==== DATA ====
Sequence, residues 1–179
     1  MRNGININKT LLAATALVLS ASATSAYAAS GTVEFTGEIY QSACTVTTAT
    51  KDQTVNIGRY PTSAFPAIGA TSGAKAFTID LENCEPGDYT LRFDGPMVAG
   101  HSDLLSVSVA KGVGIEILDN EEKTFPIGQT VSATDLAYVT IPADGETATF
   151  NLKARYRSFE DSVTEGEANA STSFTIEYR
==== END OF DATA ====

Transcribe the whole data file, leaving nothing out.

Sequence, residues 1–179
     1  MRNGININKT LLAATALVLS ASATSAYAAS GTVEFTGEIY QSACTVTTAT
    51  KDQTVNIGRY PTSAFPAIGA TSGAKAFTID LENCEPGDYT LRFDGPMVAG
   101  HSDLLSVSVA KGVGIEILDN EEKTFPIGQT VSATDLAYVT IPADGETATF
   151  NLKARYRSFE DSVTEGEANA STSFTIEYR